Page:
Reel mowers are an economical and eco-friendly tool to maintain lawns. These mowers use no fuel and create ready-made material for mulch or compost from the grass clippings that remain on the lawn after mowing. Reel mowers are distinctive in that they only use two wheels and a cylinder of blades that rotate vertically instead of horizontally. Using a reel mower is similar to using a gas- or electric-powered mower, but there are a few significant differences in use and maintenance.
Check the height of the mower blades before using the mower. Adjust reel mower blades by moving the wheels and blades up or down on the handle; this raises or lowers the mower blades. Find the screws adjacent to the wheels in front of the blades and a set of bolts along the sides of the roller to the rear.
Use reel mowers the same way as a push mower. Push the mower in straight lines across the lawn. Start in one corner of the lawn and push forward with the mower. Reel mowers have the same agility as push mowers, but they cannot reach tight spaces. This is because the blade is mounted on the wheels, which extend beyond the sides of the mower. Move large objects, rocks or debris because this type of mower will catch the blades on these items. Mowing is easier when the grass is dry, because the mower blades will slide over wet grass, causing uneven cuts or simply not cut.
Avoid trying to mow if the blades stop rotating. When grass or foreign objects get caught in the blades, the blades will lock up, preventing motion until the object or grass is removed. Mowing on hard surfaces repeatedly can dull the blades as they strike the surface. Reel mowers can mow high grass and thick weeds, but need to move slowly; you may need to mow short distances to get an even cut. If the mower seems hard to push, back up to release the tension in the blades and try again. Watch for buildup around the area between the wheels and the blades; this can cause the wheels to seize up.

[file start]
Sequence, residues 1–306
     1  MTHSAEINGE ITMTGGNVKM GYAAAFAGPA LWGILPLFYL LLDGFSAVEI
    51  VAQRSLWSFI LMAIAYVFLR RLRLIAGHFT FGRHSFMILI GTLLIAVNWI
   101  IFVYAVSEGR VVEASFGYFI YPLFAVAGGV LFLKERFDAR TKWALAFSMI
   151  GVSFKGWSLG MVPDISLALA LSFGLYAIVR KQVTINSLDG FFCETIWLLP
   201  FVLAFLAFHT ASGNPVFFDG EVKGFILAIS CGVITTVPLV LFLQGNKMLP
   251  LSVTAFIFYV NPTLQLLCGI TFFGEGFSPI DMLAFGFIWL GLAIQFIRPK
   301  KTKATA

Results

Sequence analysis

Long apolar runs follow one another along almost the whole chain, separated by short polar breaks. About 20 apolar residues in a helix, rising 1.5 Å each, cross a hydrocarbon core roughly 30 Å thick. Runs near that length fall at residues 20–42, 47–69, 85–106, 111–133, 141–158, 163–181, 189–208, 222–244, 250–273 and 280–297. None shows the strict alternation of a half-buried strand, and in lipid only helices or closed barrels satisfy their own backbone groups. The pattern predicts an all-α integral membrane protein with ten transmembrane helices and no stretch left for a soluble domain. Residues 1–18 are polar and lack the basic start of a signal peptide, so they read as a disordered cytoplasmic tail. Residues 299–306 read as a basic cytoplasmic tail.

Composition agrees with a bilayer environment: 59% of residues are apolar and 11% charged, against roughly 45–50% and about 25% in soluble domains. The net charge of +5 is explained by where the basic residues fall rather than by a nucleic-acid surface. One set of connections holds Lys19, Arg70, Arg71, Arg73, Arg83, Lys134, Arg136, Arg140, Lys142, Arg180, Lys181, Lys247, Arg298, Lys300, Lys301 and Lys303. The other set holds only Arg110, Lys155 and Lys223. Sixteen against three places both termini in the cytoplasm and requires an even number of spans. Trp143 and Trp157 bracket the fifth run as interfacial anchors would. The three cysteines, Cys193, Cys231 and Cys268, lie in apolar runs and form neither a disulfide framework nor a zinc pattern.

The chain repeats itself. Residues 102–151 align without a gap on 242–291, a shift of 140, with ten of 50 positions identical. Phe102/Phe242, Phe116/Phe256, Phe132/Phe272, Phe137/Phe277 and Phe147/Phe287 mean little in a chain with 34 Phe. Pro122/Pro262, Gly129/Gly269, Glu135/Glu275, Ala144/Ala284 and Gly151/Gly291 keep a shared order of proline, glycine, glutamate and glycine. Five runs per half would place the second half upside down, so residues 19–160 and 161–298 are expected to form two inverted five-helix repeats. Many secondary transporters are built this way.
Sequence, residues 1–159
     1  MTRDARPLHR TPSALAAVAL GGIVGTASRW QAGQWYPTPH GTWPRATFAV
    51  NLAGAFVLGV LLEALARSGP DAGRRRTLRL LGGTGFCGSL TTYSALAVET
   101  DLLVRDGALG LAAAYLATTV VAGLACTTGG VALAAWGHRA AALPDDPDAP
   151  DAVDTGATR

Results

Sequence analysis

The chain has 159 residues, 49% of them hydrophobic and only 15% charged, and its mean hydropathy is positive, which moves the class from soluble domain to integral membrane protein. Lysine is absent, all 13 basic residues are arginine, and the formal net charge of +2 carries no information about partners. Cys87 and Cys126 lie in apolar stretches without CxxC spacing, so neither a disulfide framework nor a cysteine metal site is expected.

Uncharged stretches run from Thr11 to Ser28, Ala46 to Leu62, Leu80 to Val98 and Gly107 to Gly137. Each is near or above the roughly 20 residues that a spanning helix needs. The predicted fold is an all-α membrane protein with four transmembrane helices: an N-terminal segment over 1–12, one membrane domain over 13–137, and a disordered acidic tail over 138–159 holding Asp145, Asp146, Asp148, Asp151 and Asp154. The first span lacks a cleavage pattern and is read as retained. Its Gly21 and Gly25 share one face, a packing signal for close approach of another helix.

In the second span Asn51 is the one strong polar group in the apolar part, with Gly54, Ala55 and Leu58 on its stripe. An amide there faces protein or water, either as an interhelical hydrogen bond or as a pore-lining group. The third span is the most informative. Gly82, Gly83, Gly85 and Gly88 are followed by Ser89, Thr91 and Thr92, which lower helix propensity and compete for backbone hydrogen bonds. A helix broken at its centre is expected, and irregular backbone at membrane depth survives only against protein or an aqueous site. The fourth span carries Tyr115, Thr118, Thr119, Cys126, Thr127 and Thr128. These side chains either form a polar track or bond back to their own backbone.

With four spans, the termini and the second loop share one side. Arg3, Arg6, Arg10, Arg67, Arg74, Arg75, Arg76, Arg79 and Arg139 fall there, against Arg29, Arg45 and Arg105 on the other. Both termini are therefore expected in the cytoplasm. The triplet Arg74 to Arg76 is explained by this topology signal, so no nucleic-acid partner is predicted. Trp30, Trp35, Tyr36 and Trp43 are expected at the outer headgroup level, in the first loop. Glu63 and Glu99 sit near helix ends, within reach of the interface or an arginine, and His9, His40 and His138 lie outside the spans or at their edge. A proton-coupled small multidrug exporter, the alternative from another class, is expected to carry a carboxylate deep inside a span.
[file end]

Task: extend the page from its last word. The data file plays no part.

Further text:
Wipe down reel mower blades after each use. Grass clippings left on the blades will cause dulling, similar to rotary mowers. Remove all grass in the catch basin at the front of the mower and around the rollers behind the blades. Wear protective gloves when working with the blades because of the sharpness of the blades. Use a coating of oil on the blades to keep them from rusting and getting coated with dirt. Tighten or loosen the blades as needed. Reel mower blades can work loose over time or become entangled and tighten up. Use the screws in the back of the blades to adjust them; counterclockwise rotation, or left turns, loosens the blades while clockwise rotations, or right turns, tightens them. Make very minor adjustments to the screws. And adjustment of 1/16 of a turn is a large amount.
Reel mowers should have their blades sharpened annually, or more, depending on the amount of mowing doner. Use a file or whet stone to sharpen the blades. Move the sharpening tool gently with the grain of the blade, the direction the metal flows, to sharpen it. These blades can become very sharp. Wear gloves to protect your hands against cuts from the blades. Use a professional lawn mower repair technicians if you don't have experience sharpening blades.